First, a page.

Eight years ago I took part in the London Edinburgh London (LEL) bike ride, 1400km of riding in a maximum of 114 hours. I had no experience of long distance riding and although I finished just in time, it wasn’t much fun. I recorded my adventures on film as an early adopter of twitter in those days, the film captures the struggle, both mental and physical, that riding that kind of distance can present. I didn’t ride much for a year after that, we set up Milltag in 2010 but I caught the distance bug again the following year, completing PBP far more successfully.
Since then, the business has grown and at times that has taken priority over riding those big mileage events. LEL 2013 and PBP 2015 were both skipped in favour of more manageable endeavours; Raid Pyrenean, Majorca 312 and End to End double were all 300km+ rides that proved to be memorable trips in challenging terrain. Working for Milltag offers plenty of opportunity to ride, it’s all ‘kit testing’. For that past couple of years I’ve kept up a steady diet of monthly 200km local audax rides plus longer excursions in the spring and summer months. By the end of 2016, having spent a glorious October week bike touring in Northern Spain and Portugal I was ready to sign-up for LEL 2017. LEL is now a major event, attracting a global field of 1600 riders, a major logistical challenge for an event still staffed predominantly by volunteers from the Audax community.
Ok, so i’ve ridden some big distance events in the past but nothing really prepares you for day after day of big mileage, unless you are this guy – keep on riding Steve. The general consensus though is to start with smaller (but still 200km) distances at the start of the year and build up to at least one 600km ride prior to the event itself. The reason is not just to gain the necessary ride fitness, but also to condition the body to the stresses it will have to endure – it’s often issues with knees, necks and hands that put pay to riders chances of completion on multi-day cycling events. Finally, longer riders give you a chance to check out your set-up and approach; what works for you, what you need to bring and how to fuel for such an effort. Having attempted LEL with no formal preparation (there are no qualifiers) I was grateful for the more rigid process for entry into PBP which required a 2, 3, 4 & 600km rides prior to starting.
I’ve knocked out some 200 km rides in the first 3 moths of the year which in the main were encouraging. Audax rides are not a race, there are no times published but if you find yourself in a lead group the pace will be pushed and there is undoubtedly some kudos in arriving first. I’d planned my training around a few set-peice rides in the spring and early summer. The first of these came at the end of April, the snappily titled London-Wales-London, a 407km day ride from Chalfont to Chepstow and back. I’ve ridden this a couple of times before and usually suffered at some stage. This time round the ride went well, finishing in just over 19 hours. Job done and form good. Soon after I travelled over to Sicily for a few days riding with our clients, Mission Cycling. The weather was perfect, the Giro was in town and we managed a couple of ascents up Mount Etna. It’s a hard life.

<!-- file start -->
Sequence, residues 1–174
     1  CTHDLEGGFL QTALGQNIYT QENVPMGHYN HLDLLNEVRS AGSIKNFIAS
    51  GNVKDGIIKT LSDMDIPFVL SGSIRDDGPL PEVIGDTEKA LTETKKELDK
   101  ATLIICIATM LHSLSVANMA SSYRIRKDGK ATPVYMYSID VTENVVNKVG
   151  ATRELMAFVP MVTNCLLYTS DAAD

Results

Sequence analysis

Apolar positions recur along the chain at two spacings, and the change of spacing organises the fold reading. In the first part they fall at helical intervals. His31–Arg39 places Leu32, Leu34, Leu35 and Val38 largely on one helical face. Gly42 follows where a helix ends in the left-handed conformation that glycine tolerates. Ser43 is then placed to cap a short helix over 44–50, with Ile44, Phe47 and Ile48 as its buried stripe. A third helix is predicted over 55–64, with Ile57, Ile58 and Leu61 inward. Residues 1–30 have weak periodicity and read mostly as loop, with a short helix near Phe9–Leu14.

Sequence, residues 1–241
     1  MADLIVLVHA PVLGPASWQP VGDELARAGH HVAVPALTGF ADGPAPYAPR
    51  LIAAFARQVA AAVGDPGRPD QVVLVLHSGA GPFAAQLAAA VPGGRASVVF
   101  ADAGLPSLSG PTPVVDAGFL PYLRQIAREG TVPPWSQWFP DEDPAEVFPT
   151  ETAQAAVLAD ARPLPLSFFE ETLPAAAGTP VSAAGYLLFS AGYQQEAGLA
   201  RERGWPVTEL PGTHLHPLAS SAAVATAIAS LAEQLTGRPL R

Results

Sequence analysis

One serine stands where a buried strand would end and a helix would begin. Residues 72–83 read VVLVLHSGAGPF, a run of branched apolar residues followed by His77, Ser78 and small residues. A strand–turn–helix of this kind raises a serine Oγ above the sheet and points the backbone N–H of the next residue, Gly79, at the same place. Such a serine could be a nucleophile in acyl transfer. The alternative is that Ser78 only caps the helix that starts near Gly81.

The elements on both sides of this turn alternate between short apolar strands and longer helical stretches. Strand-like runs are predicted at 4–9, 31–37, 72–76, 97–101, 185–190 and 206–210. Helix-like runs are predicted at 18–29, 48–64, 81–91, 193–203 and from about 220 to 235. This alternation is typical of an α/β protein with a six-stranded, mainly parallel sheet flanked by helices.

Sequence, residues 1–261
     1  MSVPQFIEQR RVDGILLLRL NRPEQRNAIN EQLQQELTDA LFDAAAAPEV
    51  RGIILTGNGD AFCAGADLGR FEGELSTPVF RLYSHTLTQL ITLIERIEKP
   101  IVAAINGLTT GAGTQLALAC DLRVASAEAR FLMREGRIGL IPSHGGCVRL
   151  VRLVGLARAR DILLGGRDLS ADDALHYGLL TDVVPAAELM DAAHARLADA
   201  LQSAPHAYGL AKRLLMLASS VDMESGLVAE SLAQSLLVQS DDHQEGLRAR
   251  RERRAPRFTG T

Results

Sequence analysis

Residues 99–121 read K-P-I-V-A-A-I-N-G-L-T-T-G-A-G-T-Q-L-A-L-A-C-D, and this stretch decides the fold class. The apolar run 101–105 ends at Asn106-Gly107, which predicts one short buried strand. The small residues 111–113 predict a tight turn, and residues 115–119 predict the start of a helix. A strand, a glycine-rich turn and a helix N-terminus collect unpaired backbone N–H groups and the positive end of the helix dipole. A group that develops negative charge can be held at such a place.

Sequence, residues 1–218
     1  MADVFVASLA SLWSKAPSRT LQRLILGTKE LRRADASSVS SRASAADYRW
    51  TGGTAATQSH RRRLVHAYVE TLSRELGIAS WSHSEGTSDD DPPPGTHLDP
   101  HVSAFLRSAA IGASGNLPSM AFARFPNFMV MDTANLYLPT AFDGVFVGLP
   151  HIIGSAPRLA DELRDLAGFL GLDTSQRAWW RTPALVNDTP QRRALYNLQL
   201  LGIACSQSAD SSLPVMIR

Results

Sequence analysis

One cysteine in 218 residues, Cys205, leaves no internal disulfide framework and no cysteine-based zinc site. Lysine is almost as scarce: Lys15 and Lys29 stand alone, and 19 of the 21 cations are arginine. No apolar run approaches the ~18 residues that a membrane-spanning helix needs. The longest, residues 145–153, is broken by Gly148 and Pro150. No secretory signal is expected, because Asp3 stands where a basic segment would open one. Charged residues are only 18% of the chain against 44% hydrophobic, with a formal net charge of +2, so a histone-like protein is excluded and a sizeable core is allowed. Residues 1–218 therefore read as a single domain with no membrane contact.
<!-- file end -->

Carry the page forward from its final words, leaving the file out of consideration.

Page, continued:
Since then it’s been unseasonably windy and those long solo rides have become a little more challenging. Last weekend I’d planned a 330km round trip from London – Cambridge – Oxford – London, the ‘University Challenge’. A roaring south-westerly pushed us to Cambridge before midday, where my ride companions bid me farewell. The next 100km were into the teeth of the wind and after less than half of the prescribed route I was pretty cooked. I still had 100km to get home so decided to call it a day and headed back south, limping home some 12 hours later.
This weekend sees the culmination of the past 6 months training as I set out to ride to the Scottish border. Originally I’d planned this as a 24-hour challenge but the reality of facing such a distance solo, through the night and into the early morning has made that unattainable. So, i’m heading in a northerly direction, heading to Newcastle for a brief overnight (or overmorning, is there such a thing?) before continuing on to Berwick -Upon-Tweed and completion of the 620km route. I will be getting train home – the return journey can wait until next month.
To ride, to adventure, to travel further and farther beyond expectations. This is the motivation for taking on this challenge. It’s also an escape, and recent events have put that in sharp focus. Nothing I can do can reverse recent tragic events in London and Manchester, our riding life continues but my thoughts will be with all those affected. May your gods go with you.
Stay safe out there.